If you've experienced the joys of a drooling dog or the wet kisses of a teething toddler, one of your favorite things about your feline fur baby may be her lack of constant saliva. This doesn’t mean she’s immune to a little slobber, but if you’ve recently thought, "my cat is drooling way more these days," it could be time for Fluffy to get a check up.
Unlike their canine friends (or foes), cats aren’t prone to drooling very much. The sight or smell of their favorite tasty treat doesn’t lead to excessive salivation like it does for dogs...or pet parents.
While an unusually drooly kitty may be unusual, there are many potential causes – some deserving of more worry than others. For instance, Fluffy may dribble on her pillow a bit when she’s deep in dreamland or when she’s particularly anxious, but it could also indicate an issue that should be discussed with your vet.
Is it Caused by Stress?
Your feline friend may purr and nuzzle her head against your leg when she's particularly pleased to see you. She may even occasionally drool a bit when you're rubbing behind her ear or she's sleeping next to you on the sofa.
Alternatively, she may hiss when things aren't going her way or may dribble when's anxious at the vet's office or on a car trip.
According to Dr. Arnold Plotnick of Manhattan Cat Specialists, drooling in response to emotions is well within the realm of normal cat behavior and shouldn't be any cause for concern, especially if these are reactions you witness on a regular basis.
You know your little one better than anyone. Keep an eye out for any change in your kitty's behavior and reactions. Drooling can be a red flag if it starts happening suddenly, more frequently, or excessively.
Are Tooth Troubles Why My Cat is Drooling?
A common cause of excessive cat drooling is teeth and mouth problems. If your fur baby is experiencing pain in her mouth, she may not be able to swallow her saliva, causing the excess to dribble out.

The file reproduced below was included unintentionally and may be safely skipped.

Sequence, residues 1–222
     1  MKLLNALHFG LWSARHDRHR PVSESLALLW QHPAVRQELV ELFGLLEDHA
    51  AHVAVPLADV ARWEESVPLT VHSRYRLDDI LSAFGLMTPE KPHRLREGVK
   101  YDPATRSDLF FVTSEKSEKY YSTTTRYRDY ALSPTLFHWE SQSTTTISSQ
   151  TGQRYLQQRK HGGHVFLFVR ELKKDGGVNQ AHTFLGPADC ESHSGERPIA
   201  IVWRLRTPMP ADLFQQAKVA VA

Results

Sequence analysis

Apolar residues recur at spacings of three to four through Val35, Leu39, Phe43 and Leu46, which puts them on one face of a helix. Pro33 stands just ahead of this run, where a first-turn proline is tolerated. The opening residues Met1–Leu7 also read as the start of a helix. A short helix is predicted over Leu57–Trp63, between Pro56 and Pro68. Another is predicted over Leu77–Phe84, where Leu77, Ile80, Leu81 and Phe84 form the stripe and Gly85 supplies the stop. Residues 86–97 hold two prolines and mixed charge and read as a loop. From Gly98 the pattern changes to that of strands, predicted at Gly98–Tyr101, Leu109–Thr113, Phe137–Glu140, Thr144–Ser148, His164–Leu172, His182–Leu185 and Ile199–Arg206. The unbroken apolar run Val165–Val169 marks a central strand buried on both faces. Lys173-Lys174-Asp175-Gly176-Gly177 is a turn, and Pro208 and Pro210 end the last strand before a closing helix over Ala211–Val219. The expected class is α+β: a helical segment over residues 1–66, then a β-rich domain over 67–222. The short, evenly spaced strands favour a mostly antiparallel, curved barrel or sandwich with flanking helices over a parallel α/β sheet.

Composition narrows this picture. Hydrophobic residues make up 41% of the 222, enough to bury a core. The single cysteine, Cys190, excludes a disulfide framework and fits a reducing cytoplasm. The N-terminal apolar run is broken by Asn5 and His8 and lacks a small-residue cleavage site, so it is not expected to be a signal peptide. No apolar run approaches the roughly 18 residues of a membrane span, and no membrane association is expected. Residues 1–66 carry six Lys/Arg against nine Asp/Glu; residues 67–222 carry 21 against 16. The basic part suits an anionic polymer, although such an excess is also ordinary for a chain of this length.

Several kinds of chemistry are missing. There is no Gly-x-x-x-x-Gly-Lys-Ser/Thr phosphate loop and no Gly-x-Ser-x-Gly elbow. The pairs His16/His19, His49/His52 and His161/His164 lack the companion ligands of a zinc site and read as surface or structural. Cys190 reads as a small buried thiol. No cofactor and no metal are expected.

Two common feline dental problems are gingivitis and tooth resorption. Gingivitis happens when the gums around your cat's teeth become red and swollen and is caused by plaque build up on her teeth. Tooth resorptions – or "cat cavities" – are tiny holes in your kitty's teeth.
According to the Cornell University College of Veterinary Medicine, both of these common dental problems can lead to drooling.
Beyond tooth troubles, your little one could be experiencing oral pain from other issues in her mouth. The severity of oral diseases and ailments ranges widely, but an exam from your vet will help to determine the cause and find the best solution.
What About Food, Medicine & Other Foreign Objects?
If you've ruled out emotional reactions and dental problems, your kitty's drooling may be caused by eating drugs, toxins, and foreign objects.
According to Dr. Plotnick, unpleasant tasting medicines can actually cause kitties to salivate profusely, as can certain pills if they touch her tongue while they're being administered.
Ingesting too much of certain pesticides, plants, and household cleaning products can also lead to lots of drool and other signs of food poisoning.
According to Dr. Christine Bellezza, former Co-Director of the Cornell Feline Health Center, "Uncharacteristic sluggishness, unsteady gait, drooling, heavy breathing, diarrhea, seizures, and sudden bouts of vomiting are among the common clinical signs of feline poisoning (toxicosis)."
The most important thing when it comes to observing anything about your fur baby's health and behavior - including her delightful drooling - is noting changes and talking to your vet if you're unsure of what's going on.
Do you have an adorable snapshot of your slobbery fur baby? We'd love for you to tag us on Instagram @PrettyLitter.